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Readers' comments (45)

  • some of the public consistently moan about the costs of the NHS - they need to put this in perspective the funding towards increasing access for them is the cost of one McDonalds Meal.

    it won't be enough given ever increasing demand.

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  • And where are the hours in the day and doctors going to come from for this, we already offer extended hours and if we extend further are they going to offer free counselling to our families and pay our divorce setttlements !

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  • Doubt this will even pay for the indemnity Mr Stevens.

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  • As a newly qualified GP with young children, this is fantastic news!

    Well actually...I'm just going to locum for as long as I can because I cannot see why anyone would want to commit to losing their (social) life.

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  • Pay per item of service.

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  • So so inadequate

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  • Harry Longman

    What NHS England doesn't or doesn't choose to realise is that opening hours are not the issue for access. The same GP time spread more thinly over the day, evening and weekend is the same GP capacity. Good access is so much easier than this. We keep telling them.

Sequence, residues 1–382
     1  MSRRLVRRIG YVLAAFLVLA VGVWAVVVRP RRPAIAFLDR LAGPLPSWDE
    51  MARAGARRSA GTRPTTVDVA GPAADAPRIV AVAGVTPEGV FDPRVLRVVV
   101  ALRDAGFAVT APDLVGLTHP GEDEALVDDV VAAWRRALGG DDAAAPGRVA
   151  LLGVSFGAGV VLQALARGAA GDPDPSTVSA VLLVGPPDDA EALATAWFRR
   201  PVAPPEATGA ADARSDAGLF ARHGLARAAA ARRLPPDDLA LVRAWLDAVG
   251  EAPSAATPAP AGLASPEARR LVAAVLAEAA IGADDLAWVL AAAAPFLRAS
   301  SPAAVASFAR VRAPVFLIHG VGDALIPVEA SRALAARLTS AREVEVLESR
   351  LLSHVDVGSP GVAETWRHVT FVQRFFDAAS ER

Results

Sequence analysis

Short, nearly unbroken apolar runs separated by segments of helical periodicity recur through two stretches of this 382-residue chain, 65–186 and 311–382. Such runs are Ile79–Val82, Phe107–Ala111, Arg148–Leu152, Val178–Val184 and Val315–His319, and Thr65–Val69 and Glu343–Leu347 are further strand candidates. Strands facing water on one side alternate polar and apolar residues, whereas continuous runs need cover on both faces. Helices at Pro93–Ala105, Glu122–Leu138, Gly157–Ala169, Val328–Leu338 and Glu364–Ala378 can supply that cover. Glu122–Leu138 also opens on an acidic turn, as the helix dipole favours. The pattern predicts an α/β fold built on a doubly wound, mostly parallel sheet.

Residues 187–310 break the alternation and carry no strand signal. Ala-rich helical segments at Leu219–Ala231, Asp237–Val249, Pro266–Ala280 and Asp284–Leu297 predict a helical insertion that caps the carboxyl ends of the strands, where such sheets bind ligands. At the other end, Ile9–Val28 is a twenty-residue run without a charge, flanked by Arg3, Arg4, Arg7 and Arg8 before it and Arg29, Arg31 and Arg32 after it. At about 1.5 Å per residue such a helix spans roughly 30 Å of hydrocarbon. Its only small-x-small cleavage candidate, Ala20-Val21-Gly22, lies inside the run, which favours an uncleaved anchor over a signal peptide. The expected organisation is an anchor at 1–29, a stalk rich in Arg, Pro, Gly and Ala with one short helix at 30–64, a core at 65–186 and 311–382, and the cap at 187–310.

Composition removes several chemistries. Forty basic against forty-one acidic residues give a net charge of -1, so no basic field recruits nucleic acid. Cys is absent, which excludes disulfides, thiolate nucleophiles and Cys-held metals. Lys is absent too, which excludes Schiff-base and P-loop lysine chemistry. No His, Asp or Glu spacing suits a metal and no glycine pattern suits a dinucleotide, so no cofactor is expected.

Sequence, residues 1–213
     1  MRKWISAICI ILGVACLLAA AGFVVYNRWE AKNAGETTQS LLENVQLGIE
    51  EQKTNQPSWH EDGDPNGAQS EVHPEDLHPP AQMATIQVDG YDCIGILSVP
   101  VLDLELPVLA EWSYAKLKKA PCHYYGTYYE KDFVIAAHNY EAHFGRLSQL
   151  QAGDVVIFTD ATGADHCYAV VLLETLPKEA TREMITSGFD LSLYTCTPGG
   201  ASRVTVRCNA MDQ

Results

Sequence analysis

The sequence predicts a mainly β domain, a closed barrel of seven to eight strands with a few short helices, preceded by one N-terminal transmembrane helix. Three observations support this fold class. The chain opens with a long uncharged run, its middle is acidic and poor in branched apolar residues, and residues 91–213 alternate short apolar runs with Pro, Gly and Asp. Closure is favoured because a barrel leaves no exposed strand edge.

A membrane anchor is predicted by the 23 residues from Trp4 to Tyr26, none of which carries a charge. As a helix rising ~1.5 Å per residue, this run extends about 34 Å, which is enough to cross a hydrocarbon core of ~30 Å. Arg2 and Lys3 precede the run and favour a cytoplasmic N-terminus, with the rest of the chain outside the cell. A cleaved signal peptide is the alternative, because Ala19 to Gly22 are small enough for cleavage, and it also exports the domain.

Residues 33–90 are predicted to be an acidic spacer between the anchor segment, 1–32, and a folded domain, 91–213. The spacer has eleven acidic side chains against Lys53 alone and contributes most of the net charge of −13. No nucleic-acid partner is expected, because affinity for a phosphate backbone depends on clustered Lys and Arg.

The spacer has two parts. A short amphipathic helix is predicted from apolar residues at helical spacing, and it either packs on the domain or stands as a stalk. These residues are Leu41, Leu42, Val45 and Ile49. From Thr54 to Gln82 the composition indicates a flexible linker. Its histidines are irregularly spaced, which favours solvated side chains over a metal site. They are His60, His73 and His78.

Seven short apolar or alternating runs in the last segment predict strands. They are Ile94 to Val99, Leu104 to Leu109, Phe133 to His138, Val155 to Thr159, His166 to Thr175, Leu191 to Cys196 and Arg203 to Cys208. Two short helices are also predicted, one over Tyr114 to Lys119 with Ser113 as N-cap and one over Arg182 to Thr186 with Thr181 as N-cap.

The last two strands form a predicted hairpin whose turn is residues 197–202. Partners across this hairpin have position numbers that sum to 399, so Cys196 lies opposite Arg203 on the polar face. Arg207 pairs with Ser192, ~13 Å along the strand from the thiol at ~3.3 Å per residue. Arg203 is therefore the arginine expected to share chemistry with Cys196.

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  • Defense fees will rise 25%

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  • This is beyond a joke. Why is the so called forward view looking at increasing opening hours when the NHS cannot fund and staff the current working week. The £6 per patient doesn't even go anywhere near plugging the gross underfunding of the current situation. Surely the forward view should first and foremost stabilise the current state that general practice is in.

    We're all in the wrong job. We should join the planners, they get paid for coming up with this type of utter nonsense.

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  • £6. More than half goes to tax and pension etc. Frankly most GPs are so stressed and tired. The paper work and test results that come with seeing more will more than double the time you spend so cut the £3 in half at least + unsociable hours...is it worth it? I am sure they would cut some other funding to recycle the money and resell it as £6. The dentist is the way forward to stop this ongoing bureacracy and hoop jumping.